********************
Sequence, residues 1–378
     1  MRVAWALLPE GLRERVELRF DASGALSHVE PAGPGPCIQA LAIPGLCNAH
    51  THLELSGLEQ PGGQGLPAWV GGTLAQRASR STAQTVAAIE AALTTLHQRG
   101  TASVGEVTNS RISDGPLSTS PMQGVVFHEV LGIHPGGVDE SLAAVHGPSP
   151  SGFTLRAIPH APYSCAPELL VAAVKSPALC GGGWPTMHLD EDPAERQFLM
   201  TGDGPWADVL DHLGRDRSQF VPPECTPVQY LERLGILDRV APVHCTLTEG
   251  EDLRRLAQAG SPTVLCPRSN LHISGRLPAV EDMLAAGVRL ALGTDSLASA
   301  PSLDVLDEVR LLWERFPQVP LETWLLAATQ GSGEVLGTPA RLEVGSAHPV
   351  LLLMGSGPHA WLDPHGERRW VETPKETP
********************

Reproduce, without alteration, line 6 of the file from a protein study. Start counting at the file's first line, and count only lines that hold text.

   201  TGDGPWADVL DHLGRDRSQF VPPECTPVQY LERLGILDRV APVHCTLTEG